The number of Americans who support cannabis legalization is on the rise, according to new data from the Pew Research Center.
Today, 57 percent of US adults believe the use of marijuana should be made legal, with a mere 37 percent saying it should remain illegal. Ten years ago, public opinion was much the opposite, with 32 percent in favor of legalization and 60 percent opposed.
These numbers come from a survey conducted by the Pew Research Center from Aug. 23 through September 2 among 1,201 US adults. Among the results was the finding that young adults have disproportionately driven the shift toward public support of cannabis, although support is also increasing among other generations.
Millennials – those between the ages of 18 and 35 in 2016 – are more than twice as likely to support legalization measures as they were 10 years ago (71 percent today from 34 percent in 2006) and are substantially more likely to support such measures than other generations.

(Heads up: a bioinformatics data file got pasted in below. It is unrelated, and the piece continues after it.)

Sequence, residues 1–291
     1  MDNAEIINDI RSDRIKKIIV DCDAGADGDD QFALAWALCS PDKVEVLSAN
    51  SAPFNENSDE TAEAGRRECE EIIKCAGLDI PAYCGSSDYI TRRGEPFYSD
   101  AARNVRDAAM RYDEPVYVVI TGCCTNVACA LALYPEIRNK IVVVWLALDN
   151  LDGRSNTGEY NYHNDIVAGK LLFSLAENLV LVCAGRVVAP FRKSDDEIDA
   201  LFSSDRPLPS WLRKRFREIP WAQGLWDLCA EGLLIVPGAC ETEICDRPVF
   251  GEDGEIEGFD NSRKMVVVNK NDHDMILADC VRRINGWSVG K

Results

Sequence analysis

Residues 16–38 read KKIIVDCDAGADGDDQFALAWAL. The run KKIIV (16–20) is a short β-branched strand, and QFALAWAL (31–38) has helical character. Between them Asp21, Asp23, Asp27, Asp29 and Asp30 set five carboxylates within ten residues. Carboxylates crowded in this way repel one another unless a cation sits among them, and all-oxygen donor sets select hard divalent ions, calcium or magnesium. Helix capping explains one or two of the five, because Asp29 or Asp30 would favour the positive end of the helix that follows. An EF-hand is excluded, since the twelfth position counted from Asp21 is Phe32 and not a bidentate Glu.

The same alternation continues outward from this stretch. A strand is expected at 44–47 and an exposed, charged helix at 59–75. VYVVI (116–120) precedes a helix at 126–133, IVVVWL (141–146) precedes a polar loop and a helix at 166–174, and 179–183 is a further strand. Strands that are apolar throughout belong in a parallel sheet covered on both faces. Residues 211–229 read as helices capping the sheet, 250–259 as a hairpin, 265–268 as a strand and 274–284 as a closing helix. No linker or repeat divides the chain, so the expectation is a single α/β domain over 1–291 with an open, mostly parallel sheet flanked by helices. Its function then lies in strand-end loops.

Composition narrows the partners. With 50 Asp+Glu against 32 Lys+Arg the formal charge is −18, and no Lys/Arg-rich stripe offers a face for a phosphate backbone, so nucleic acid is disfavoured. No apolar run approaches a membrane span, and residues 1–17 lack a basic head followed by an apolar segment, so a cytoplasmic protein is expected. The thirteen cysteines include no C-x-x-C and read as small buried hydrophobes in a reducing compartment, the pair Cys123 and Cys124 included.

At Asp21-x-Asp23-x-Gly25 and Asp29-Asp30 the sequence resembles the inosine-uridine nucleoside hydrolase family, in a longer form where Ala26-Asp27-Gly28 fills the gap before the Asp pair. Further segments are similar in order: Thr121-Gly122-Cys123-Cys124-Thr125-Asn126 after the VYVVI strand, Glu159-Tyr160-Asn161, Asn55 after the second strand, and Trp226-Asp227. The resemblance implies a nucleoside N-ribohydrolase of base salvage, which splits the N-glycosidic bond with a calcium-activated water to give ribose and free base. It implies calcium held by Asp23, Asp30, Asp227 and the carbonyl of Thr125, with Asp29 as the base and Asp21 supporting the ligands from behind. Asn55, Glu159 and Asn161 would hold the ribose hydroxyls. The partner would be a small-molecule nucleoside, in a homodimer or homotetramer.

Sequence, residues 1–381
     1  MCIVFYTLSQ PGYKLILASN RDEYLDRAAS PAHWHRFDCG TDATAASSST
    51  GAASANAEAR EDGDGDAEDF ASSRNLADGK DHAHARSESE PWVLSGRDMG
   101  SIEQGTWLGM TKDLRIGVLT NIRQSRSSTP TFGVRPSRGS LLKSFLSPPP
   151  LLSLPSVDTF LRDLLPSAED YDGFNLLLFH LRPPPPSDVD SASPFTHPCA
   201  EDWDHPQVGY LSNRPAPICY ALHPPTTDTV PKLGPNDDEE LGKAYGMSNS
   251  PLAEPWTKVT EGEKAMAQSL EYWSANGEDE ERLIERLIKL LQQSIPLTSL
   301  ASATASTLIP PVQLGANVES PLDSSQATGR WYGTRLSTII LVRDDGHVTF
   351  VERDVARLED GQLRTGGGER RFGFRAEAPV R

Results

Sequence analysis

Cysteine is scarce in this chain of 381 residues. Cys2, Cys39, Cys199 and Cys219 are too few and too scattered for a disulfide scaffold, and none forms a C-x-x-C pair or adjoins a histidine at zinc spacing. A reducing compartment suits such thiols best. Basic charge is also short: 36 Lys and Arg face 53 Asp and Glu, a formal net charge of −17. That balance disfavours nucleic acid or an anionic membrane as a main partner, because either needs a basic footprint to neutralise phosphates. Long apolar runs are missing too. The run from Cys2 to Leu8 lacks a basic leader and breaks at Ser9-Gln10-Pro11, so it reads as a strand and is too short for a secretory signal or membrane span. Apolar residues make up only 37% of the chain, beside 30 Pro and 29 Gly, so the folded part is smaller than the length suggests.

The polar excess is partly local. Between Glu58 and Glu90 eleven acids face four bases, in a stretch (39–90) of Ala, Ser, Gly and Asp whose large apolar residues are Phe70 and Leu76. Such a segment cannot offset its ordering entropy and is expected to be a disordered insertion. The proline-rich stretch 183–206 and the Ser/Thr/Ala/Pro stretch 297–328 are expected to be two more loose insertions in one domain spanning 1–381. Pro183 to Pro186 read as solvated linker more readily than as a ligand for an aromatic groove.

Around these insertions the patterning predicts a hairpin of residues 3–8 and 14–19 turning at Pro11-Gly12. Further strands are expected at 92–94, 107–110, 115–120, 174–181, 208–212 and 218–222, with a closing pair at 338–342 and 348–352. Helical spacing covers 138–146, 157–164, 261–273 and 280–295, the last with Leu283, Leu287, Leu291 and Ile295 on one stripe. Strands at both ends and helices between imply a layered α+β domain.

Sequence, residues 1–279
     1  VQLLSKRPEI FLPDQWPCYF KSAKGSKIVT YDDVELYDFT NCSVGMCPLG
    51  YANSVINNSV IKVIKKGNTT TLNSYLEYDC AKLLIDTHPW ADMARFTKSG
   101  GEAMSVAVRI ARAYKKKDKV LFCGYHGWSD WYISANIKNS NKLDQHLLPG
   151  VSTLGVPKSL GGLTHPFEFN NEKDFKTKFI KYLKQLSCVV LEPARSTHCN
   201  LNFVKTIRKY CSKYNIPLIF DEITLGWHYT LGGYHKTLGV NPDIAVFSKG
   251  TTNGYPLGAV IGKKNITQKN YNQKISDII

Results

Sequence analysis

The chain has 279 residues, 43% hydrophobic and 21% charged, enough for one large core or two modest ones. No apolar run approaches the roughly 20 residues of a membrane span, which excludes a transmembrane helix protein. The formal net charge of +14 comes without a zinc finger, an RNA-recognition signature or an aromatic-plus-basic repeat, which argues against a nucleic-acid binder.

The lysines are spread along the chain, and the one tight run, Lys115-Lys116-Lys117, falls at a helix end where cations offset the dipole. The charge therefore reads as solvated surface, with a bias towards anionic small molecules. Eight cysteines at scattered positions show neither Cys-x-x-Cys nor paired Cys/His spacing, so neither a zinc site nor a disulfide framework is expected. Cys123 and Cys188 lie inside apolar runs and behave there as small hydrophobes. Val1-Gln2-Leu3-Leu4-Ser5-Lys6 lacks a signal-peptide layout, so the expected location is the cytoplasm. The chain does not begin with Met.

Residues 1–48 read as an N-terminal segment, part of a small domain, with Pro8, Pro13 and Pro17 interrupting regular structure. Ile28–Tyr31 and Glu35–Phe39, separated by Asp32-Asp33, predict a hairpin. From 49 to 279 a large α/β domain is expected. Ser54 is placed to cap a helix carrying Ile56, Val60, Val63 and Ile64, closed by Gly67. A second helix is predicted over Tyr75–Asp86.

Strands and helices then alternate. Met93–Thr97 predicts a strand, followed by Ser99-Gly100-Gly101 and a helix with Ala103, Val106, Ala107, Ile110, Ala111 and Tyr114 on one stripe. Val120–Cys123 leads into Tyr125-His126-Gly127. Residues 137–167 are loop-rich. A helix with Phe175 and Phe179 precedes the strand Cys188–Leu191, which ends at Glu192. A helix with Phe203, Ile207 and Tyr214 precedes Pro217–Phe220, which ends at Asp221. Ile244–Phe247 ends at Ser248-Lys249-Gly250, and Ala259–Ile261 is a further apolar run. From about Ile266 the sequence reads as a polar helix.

Support for legalization has also risen significantly among members of Generation X (ages 36 to 51 in 2016) and Baby Boomers (ages 52 to 70 in 2016). While a mere 21 percent of Generation X'ers supported legalization in 1990, that number is now 57 percent. A majority of Boomers (56 percent) now support legalization, up from 17 percent in 1990.
Democrats support legalization, Republicans don't
The survey also found that by more than two-to-one, Democrats favor legalizing marijuana over not legalizing (66 percent vs. 30 percent). The majority of Republicans (55 percent) are against marijuana legalization, while 41 percent favor it.
Past Pew Research Center surveys have found that Hispanics are less supportive of legalizing marijuana than whites or blacks. While 49 percent of Hispanics say marijuana use should be illegal, 46 percent say it should be legalized. Identical majorities of whites and blacks favor marijuana legalization, at 59 percent.